Think about the last time you delivered some training, a presentation or a business pitch. It might have been in a small group or it could have been in front of a large exhibition audience. It could have been in a team meeting or it could have even been on a one to one basis. How did you feel before, during and after? Did any nerves creep in? Were you worried about how you were coming across? Perhaps you stumbled over your words.If you’re like an estimated 75% of the world’s population who fear speaking in public, then you probably felt at least some of these things, perhaps even more. Have you ever taken time to consider where those thoughts and feelings come from? What specifically makes you feel like that?
Even though I’ve made a career of being on my feet, delivering training and presentations, enjoying the process most of the time, I can’t deny that I’ve felt like this several times before. This week, I’ve explored this in more detail. I spent two days with a presentation skills coach learning about this stuff as part of a group as well as individually on a one to one basis. What I learned along the way really surprised me. My nerves, feelings, thoughts and worries were coming internally from me and based on absolutely no evidence whatsoever. Just like many, I can be my own worst enemy. This internal dialogue can be crippling at times when it comes to these situations. Despite hearing good things from others about how I come across, there’s this overpowering self-critique that blocks all good thoughts and your mind takes over.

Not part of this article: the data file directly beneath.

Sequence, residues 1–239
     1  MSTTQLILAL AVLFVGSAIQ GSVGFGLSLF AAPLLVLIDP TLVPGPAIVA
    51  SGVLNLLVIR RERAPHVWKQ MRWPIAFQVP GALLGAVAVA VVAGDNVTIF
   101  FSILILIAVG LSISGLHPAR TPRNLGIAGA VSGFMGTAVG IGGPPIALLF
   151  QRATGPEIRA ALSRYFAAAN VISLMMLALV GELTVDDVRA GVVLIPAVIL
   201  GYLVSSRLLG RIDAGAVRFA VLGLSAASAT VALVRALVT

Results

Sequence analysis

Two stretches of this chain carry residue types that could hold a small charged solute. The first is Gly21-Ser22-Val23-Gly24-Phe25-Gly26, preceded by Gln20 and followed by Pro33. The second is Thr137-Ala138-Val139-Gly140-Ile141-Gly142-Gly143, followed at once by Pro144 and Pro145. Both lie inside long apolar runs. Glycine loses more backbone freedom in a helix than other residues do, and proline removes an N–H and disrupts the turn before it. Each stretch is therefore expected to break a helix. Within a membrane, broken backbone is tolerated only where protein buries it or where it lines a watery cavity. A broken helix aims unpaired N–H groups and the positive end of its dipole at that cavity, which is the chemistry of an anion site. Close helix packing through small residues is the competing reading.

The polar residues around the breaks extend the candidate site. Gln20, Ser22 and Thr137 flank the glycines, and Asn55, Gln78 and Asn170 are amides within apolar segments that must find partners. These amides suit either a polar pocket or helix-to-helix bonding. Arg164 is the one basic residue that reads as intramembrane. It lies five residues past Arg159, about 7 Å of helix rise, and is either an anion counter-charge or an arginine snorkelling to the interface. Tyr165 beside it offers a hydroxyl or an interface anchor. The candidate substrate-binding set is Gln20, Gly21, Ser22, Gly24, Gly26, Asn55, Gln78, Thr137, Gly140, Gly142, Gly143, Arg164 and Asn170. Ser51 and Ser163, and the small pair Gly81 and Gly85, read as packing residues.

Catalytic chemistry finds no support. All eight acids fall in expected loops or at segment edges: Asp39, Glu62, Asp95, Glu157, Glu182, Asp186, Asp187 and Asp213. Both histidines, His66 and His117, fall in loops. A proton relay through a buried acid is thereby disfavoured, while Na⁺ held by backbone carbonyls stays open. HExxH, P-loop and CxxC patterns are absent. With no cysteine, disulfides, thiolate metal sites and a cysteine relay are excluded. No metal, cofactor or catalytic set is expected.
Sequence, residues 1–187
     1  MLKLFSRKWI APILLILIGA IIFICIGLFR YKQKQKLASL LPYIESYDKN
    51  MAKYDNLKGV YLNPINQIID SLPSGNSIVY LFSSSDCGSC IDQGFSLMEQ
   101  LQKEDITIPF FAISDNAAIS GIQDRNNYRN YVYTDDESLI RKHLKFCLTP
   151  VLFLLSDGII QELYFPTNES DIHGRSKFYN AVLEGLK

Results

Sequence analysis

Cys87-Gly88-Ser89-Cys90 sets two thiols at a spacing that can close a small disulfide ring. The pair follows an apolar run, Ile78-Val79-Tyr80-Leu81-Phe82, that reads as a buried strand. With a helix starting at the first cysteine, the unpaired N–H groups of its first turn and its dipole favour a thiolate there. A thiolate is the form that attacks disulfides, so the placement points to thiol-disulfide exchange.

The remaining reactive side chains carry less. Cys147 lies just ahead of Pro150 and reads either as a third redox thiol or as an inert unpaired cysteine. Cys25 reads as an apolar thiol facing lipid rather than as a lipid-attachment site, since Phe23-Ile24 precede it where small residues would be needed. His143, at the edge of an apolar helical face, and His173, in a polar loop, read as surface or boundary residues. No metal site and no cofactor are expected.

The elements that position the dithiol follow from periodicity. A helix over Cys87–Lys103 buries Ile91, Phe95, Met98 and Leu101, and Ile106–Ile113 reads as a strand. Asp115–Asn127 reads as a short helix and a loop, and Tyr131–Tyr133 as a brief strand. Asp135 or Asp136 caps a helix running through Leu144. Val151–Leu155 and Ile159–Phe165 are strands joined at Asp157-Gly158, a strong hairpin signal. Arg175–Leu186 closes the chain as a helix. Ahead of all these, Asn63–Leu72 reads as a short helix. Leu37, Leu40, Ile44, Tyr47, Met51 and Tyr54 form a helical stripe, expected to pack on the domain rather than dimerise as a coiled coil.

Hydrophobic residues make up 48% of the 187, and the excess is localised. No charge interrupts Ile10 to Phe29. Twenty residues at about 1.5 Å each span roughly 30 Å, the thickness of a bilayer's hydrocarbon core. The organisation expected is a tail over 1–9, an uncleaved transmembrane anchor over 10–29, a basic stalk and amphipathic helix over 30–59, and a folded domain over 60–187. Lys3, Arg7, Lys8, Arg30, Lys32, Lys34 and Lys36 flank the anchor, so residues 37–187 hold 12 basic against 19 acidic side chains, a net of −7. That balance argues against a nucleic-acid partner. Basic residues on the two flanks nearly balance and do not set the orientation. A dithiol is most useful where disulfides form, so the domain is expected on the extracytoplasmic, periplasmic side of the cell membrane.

This links very nicely into what I’ve learned from Dr Steve Peters about his theories on the Chimp Paradox. Simply put, based on medical research and evidence, Peters’ theory is that we are not alone in our own heads. There’s not just one of us in our minds, there’s two. According to him, each and every one of us is living with a chimp, the chimp being the emotional side of our brain. Its thoughts and feelings are instinctive and catastrophic. Whilst this may sound like a destructive beast it exists for a reason. It’s the same part of our brain that warns us from threats and dangers and keeps us safe. However, given this animal is far much more powerful than our human side, it can take over, dominate our thoughts, leaving us paralysed and full of fear.
The videos below will help you to understand more about this. If you have time, have a quick watch of them. They’re very interesting.
What I’ll be doing from this point forward, is gluing together what I’ve learned from my presentation skills coach with the things I’ve learned from Dr Steve Peters. It’s clear to me that when it comes to presenting, there’s more I need to do to tame my chimp.
I’d love to hear back from you. What holds you back from being the best you can be when it comes to standing on your feet and communicating? Can you be your own worst enemy or is something else holding you back? What advice do you need? What advice do you have to share?
Wouldn’t it be great if we could stick together as a community and help each other out with this stuff?